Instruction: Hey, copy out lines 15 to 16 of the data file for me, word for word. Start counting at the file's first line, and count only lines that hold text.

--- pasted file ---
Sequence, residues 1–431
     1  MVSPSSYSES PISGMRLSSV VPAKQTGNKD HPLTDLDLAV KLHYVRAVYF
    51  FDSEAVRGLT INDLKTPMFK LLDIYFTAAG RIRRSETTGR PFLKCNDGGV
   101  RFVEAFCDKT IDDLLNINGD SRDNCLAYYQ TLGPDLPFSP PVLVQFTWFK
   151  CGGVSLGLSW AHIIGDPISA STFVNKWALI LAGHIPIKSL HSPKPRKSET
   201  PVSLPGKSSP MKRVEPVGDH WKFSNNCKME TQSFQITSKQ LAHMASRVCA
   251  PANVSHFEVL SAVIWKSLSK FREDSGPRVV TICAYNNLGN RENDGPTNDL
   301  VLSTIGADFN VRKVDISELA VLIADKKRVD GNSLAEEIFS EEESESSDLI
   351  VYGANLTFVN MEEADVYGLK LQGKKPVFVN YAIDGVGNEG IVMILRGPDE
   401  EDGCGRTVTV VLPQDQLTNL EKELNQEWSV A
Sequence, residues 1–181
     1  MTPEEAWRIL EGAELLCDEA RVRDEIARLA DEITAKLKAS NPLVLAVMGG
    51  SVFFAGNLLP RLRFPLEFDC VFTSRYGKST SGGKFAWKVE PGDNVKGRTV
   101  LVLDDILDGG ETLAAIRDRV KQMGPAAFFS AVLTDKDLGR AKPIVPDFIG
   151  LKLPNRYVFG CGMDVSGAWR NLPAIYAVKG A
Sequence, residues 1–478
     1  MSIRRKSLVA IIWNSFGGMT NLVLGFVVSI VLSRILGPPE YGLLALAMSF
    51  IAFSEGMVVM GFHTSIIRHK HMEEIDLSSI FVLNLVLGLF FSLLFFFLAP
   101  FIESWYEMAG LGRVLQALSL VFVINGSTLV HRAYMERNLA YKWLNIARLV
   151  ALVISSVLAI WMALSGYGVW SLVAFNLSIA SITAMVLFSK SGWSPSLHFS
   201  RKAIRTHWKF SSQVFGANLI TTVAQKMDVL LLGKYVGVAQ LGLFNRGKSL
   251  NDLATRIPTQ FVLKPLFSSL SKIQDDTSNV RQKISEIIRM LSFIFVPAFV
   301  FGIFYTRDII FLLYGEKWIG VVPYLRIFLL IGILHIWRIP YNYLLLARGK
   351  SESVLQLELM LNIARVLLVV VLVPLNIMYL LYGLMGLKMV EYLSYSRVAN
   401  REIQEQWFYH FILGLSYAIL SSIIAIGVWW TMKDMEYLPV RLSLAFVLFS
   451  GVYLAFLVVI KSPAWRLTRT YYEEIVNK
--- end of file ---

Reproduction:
   151  LKLPNRYVFG CGMDVSGAWR NLPAIYAVKG A
Sequence, residues 1–478